During Mom’s last weeks of life, she looked forward to her daily massages. I noticed in other hospice rooms that touching a loved one who was dying was a rare event. Families and friends would come to visit, stay for a while to talk, watch TV, sing or sit quietly, usually all done without the presence of touch. Perhaps a hand was held. Maybe a forehead was kissed or patted. I didn’t see much touch, certainly not as much as I was increasingly growing to hope the dying would receive. Just holding Mom’s hand kept her settled; she didn’t need to keep looking around for me to see if I’d gone for the evening. It provided a genuine comfort for me as well, as we diverted from words to a dual solace.
Over the next couple of days, Mom became so physically weak, it was a difficult balance to lift her without hurting some part of her now delicate and bedsore body, while applying gentle strokes to soothe her arms, legs, or back, and help with whatever circulation remained. She released a vocal sign of contentment as I worked on her face and scalp—“Remember, behind my ears.” Mom’s belabored breathing did not keep her from making sure her favorite spots were given proper attention. Working on and around her ears, Mom took in a long, deep, slower-than-ever breath, saying, “Now I understand what you do. Even though I am dying, you massage, making me feel light and alive...and ...soooo good.”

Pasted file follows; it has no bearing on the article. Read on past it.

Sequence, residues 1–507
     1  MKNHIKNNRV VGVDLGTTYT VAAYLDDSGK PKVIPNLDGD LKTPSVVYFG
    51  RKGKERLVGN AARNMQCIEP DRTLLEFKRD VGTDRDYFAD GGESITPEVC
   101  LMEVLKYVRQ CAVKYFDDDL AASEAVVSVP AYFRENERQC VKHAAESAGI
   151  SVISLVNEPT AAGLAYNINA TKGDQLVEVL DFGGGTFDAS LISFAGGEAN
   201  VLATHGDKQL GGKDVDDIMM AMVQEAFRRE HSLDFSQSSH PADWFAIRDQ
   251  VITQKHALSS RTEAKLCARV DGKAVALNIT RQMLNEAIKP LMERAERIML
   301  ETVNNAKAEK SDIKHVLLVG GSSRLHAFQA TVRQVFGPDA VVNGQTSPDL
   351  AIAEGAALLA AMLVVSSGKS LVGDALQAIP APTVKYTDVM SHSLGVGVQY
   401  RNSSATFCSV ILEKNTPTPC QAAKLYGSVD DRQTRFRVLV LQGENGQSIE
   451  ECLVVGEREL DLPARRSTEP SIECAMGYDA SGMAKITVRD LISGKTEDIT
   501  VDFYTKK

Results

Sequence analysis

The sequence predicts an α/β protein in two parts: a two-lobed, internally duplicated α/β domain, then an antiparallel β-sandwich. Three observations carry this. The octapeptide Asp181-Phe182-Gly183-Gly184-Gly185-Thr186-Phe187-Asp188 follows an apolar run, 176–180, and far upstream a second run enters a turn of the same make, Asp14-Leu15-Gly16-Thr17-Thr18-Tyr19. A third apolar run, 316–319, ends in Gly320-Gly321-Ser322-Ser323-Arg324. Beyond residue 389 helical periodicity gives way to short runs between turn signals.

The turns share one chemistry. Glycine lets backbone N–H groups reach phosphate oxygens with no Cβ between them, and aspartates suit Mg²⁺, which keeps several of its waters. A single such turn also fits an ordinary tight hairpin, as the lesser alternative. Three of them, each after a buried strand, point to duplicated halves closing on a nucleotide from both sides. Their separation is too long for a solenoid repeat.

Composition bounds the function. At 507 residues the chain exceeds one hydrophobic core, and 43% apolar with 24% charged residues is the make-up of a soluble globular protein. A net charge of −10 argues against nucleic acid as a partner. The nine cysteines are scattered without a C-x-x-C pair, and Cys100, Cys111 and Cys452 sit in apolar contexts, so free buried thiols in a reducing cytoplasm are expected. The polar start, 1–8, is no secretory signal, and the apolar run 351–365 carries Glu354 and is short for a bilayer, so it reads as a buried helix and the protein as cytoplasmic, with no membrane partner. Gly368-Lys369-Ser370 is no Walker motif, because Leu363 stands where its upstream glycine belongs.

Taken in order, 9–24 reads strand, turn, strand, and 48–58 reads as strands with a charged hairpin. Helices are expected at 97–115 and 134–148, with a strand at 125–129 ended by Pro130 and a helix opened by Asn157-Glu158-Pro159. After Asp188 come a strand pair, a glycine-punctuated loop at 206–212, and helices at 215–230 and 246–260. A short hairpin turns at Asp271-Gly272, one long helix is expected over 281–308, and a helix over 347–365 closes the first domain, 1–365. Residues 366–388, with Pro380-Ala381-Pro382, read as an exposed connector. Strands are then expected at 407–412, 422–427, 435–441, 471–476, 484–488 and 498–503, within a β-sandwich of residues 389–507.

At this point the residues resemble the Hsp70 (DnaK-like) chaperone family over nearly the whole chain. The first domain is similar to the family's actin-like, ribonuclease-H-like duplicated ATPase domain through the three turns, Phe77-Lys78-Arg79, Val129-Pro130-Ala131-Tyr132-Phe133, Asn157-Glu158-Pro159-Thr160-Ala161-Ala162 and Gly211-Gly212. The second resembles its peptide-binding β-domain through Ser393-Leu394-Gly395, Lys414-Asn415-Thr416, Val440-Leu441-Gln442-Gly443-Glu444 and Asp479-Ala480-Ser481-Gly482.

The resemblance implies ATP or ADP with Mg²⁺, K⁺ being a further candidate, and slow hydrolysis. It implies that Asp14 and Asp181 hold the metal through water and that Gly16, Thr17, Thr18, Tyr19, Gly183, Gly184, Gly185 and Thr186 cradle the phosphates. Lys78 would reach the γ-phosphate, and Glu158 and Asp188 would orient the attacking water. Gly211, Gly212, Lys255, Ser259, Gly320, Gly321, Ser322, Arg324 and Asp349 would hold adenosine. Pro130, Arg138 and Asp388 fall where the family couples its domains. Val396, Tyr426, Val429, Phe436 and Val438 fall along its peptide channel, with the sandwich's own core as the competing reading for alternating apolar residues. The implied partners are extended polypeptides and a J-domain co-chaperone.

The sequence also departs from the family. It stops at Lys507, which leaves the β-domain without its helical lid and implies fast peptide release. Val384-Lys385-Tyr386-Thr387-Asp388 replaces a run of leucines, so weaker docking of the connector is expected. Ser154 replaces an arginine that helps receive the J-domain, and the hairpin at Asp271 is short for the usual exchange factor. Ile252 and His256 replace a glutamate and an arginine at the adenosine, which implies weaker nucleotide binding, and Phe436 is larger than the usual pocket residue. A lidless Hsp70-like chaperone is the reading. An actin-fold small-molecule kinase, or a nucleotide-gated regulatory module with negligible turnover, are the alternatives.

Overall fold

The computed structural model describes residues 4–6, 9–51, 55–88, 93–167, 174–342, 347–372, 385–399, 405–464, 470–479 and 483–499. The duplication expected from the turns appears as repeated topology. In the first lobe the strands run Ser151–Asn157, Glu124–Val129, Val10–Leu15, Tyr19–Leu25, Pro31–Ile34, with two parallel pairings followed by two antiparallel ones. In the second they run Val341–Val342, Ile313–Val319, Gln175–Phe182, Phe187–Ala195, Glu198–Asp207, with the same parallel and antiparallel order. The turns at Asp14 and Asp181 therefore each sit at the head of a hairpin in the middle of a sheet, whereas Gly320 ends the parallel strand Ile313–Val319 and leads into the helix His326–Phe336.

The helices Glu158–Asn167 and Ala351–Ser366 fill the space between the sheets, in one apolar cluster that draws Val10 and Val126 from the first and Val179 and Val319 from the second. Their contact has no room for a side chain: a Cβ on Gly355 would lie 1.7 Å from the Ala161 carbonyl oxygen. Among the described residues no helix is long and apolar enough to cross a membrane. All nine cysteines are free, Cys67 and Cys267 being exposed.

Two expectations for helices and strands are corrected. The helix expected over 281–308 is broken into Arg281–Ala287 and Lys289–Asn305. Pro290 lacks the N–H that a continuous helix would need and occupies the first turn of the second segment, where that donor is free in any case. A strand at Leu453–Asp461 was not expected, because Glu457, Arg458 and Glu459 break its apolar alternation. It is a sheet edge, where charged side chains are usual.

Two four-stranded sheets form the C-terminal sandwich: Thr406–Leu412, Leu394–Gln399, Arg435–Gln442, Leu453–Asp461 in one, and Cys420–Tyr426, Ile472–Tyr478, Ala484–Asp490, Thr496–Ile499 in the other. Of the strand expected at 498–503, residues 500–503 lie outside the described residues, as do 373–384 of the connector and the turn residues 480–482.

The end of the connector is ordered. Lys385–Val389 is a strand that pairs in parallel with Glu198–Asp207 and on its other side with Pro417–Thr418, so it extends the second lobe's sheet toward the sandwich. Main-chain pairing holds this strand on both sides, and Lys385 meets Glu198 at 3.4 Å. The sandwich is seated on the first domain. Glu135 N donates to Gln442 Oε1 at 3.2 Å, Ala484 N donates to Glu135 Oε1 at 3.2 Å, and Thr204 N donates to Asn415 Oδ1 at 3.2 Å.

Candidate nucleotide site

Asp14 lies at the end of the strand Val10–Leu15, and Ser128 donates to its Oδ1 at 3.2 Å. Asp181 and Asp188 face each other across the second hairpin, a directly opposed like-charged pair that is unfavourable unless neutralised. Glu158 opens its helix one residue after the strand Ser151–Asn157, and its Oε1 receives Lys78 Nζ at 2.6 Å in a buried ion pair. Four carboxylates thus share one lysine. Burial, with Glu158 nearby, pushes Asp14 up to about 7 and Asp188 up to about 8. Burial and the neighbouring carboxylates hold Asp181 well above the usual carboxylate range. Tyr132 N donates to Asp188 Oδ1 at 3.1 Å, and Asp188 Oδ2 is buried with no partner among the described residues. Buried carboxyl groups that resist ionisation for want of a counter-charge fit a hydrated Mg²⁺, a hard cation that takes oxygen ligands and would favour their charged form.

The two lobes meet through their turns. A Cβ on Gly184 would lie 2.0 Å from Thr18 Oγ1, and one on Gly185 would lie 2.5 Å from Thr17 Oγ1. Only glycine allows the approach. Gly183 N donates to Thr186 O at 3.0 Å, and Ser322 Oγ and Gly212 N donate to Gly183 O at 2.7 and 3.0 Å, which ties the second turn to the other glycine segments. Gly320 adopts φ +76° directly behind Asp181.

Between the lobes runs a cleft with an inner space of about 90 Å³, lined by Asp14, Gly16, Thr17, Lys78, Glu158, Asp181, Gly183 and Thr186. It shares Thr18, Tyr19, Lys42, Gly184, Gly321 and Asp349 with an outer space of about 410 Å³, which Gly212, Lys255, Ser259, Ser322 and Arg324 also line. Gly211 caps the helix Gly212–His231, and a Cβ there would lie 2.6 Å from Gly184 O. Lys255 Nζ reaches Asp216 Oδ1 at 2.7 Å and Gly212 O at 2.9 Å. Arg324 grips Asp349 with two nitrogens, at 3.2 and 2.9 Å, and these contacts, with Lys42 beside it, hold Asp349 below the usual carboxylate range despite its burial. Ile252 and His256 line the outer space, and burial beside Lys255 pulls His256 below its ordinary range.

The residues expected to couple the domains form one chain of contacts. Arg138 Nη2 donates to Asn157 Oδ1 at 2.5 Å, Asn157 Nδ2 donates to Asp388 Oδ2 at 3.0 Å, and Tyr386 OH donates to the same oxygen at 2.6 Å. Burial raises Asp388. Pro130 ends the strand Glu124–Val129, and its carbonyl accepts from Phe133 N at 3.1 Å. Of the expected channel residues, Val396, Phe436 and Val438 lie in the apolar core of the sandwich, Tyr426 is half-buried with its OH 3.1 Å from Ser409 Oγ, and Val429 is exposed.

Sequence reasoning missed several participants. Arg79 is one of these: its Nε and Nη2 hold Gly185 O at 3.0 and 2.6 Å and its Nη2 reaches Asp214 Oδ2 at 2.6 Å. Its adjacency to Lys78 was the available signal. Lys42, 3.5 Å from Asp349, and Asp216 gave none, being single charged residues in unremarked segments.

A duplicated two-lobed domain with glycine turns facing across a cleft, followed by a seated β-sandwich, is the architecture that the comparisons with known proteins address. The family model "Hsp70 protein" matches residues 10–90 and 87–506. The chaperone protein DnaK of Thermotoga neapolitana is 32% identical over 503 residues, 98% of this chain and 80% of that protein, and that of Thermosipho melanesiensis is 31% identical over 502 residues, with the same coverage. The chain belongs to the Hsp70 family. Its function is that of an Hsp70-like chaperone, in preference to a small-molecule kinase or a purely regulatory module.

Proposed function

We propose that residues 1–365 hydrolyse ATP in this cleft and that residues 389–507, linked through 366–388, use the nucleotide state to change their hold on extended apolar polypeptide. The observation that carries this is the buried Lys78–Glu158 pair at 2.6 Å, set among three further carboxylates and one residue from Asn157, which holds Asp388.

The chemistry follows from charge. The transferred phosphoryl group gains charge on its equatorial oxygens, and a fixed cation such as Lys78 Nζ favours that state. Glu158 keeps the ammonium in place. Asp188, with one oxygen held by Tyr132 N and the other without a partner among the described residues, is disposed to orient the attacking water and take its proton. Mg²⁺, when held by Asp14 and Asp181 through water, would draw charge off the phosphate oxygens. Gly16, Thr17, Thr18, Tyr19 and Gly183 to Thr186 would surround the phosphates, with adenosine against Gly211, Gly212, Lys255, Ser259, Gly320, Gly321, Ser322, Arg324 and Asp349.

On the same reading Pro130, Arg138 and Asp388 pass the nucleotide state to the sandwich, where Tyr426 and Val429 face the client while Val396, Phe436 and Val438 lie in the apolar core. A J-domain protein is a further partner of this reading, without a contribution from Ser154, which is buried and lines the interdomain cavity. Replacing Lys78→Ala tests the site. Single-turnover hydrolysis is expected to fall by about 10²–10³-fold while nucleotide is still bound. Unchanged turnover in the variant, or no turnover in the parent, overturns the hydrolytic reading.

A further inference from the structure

My eyes began to heat and a balloon seemed to be expanding itself in my throat. These physical sensations did not match my thoughts: “Why could you not see this sooner? Why couldn’t we have had more connections like this well before this day? Why....” The questions softened as I came back to the present. Those years of explaining, convincing, defending, resisting, had culminated into this moment: our last genuine connection, in a most rare meeting of minds. “Thanks, Mom—I’m glad you know,” was all I could quietly utter.
Mom passed away, in the middle of the week, in the near middle of the month. As I am now also in the middle of my life, I hope that I am doing my share of understanding, or at least accepting, of my children and their decisions as they come into their own. I also hope more people come to understand the unspoken language a caring touch carries with it, and share it with those you love. I will continue to move forward, onward, and upward as I live my time here in “God’s beautiful world.” --Carolyn Mateos, Licensed Massage Practitioner, firstname.lastname@example.org
Rev. Maria "Dancing Heart" Hoaglund, author of The Last Adventure of Life, is an end-of-life and grief coach. Maria was a hospice counselor for many years and is passionate about bringing the subject of death back to life. E-mail: email@example.com.
To your health and wholeness, Dancing heart~~~
If you're interested in more Tools for Healing, see Dancing Heart's website's Link Page.